The latter mention of “any Eurotelman”, i.e. an appeal to the pride and satisfaction of being a ‘Eurotelman’, is a modern and extraordinarily current psychological tactic to promote customers’ loyalty and which would probably only need to include ‘Eurotelwoman’ nowadays – or be replaced by another term applicable to both genders.
- Art. 3… Additionally, the cards exempt them (the beneficiary) from immediate payment of the amounts owed, which will be paid off annually…
THE SPECIAL CASE OF EUROTEL GOLF PUNTA ROJA.
It is stated in the Statutes of the Community, among other things, that:
- It is a travellers’ hotel.
- Given its very nature as a <<travellers’ hotel>>, each of the apartments which are part of it, and their annexes, are intended to be operated as a hotel.
- The use of each apartment may be assigned by O.O.E., S.A. (the management company) both to the Eurotelman member of the international chain and to persons unrelated to it at times when its owner will not be using it as a result of failing to make their annual reservation in the form detailed in the Rules of the Eurotel Chain.
Such a special case must, in my opinion, refer to the strict use of the apartment as a hotel unit, therefore excluding the use thereof for residential purposes or to fulfil its owner’s need of a dwelling – even on a temporary basis or as a holiday residence.
Such an exclusion of use for residential purposes is nowadays in Spain one of the legally demandable characteristics of the so-called condo-hotels.
The aforementioned precedents (and there were many more in Spain and in the rest of Europe) were, and are, important, and they have in relation to certain aspects become outdated, but even though they contain ‘for these purposes’ the archaic name aparthotel, they actually are what nowadays is being called a ‘condo-hotel’.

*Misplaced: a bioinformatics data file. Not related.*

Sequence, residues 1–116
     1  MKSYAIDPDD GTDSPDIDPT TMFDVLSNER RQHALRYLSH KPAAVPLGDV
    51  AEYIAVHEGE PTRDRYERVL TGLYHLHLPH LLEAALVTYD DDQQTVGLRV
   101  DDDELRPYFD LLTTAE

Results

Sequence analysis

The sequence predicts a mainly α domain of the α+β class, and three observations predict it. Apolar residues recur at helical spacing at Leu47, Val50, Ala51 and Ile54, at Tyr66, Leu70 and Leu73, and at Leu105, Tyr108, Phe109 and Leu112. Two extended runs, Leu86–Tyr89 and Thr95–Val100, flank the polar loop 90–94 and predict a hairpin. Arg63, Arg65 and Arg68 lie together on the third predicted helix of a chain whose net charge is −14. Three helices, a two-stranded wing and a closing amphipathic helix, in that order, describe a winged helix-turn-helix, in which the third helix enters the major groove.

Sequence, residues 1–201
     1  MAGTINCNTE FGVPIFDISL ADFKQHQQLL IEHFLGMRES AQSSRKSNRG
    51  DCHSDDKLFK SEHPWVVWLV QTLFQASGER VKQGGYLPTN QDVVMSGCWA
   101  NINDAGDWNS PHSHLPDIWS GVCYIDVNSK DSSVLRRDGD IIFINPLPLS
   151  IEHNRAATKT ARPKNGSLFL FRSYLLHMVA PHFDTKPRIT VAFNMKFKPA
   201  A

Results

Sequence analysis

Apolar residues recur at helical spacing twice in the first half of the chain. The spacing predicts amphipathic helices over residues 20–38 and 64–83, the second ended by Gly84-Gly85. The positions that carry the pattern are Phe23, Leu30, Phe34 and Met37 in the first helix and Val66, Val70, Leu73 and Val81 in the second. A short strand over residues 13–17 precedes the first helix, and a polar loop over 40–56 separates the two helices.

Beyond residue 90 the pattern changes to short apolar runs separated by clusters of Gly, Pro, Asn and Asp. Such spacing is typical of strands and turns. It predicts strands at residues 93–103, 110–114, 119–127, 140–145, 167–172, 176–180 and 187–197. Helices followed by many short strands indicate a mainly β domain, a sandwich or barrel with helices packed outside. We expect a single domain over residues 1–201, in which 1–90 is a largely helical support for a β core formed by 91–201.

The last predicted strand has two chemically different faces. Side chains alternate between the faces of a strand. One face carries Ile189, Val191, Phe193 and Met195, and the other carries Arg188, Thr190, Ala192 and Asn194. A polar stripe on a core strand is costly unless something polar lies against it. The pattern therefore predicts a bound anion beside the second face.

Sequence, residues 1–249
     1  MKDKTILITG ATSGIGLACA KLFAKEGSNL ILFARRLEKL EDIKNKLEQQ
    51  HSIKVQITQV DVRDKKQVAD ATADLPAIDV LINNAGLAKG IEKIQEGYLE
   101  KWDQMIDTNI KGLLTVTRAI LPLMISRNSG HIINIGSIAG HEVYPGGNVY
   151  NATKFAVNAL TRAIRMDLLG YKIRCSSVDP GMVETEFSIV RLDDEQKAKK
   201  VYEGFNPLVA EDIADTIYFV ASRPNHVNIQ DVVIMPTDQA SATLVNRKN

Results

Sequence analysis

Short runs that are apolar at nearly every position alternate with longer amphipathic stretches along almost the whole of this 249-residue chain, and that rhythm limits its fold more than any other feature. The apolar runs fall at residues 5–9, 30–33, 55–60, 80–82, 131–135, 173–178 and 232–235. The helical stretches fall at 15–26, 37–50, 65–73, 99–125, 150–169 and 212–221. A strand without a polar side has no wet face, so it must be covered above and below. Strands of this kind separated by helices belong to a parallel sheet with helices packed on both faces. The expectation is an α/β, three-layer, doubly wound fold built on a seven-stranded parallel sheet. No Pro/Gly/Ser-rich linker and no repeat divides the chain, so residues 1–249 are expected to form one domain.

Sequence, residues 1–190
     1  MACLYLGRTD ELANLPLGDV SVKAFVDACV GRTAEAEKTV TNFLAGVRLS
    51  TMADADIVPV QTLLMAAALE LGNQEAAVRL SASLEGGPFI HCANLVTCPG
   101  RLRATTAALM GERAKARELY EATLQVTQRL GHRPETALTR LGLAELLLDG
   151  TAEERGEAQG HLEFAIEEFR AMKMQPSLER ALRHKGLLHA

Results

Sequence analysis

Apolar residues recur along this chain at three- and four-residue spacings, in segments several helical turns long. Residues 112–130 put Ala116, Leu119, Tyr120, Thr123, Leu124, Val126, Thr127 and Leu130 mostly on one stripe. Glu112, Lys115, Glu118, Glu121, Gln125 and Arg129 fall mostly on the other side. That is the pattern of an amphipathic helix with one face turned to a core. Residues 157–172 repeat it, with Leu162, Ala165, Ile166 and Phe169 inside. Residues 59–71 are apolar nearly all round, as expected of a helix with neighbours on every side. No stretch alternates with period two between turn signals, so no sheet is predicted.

One final note on the current meaning in Spain, at least from a tourist-legal point of view, of the terms aparthotel or hotel-apartment, which are not in any way synonyms of the term ‘condo-hotel’ as they only refer to one kind or type of hotel ‘accommodation unit’ which, depending on the tourism laws of the relevant region or ‘Autonomous Community’ of Spain, may be called ‘hotel-apartment’, ‘aparthotel’, etc, but is normally only a hotel subcategory.
This word does not at present refer to ‘ownership’ or to the rights of the owner as such or to a dual form of marketing ownership and operation, but to something more simple: the ‘physical’ characteristics of the units and the tourist establishment of which they are a part, and the inherent services which must be provided in it.
It should not at all be denied, but acknowledged, that the concept which revolves around the very successful term ‘condo-hotel’ – or ‘condotel’ – must be linked to the improved, more current commercial formula whose beginnings date back to the early eighties in the United States and which today, with the necessary variations imposed by each country’s legislation, is well-deservedly leading this constantly evolving market.
Lizarza Abogados, November 2013